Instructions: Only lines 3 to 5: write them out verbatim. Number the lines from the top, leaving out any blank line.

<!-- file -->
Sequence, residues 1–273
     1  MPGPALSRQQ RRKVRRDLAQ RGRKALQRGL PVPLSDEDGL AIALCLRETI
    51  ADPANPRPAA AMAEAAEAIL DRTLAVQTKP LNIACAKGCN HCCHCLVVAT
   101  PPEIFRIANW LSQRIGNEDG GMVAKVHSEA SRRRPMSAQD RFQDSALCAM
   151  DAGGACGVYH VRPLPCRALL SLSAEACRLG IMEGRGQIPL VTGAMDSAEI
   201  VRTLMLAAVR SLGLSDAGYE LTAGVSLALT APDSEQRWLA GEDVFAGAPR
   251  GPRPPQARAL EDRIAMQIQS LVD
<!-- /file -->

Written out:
    51  ADPANPRPAA AMAEAAEAIL DRTLAVQTKP LNIACAKGCN HCCHCLVVAT
   101  PPEIFRIANW LSQRIGNEDG GMVAKVHSEA SRRRPMSAQD RFQDSALCAM
   151  DAGGACGVYH VRPLPCRALL SLSAEACRLG IMEGRGQIPL VTGAMDSAEI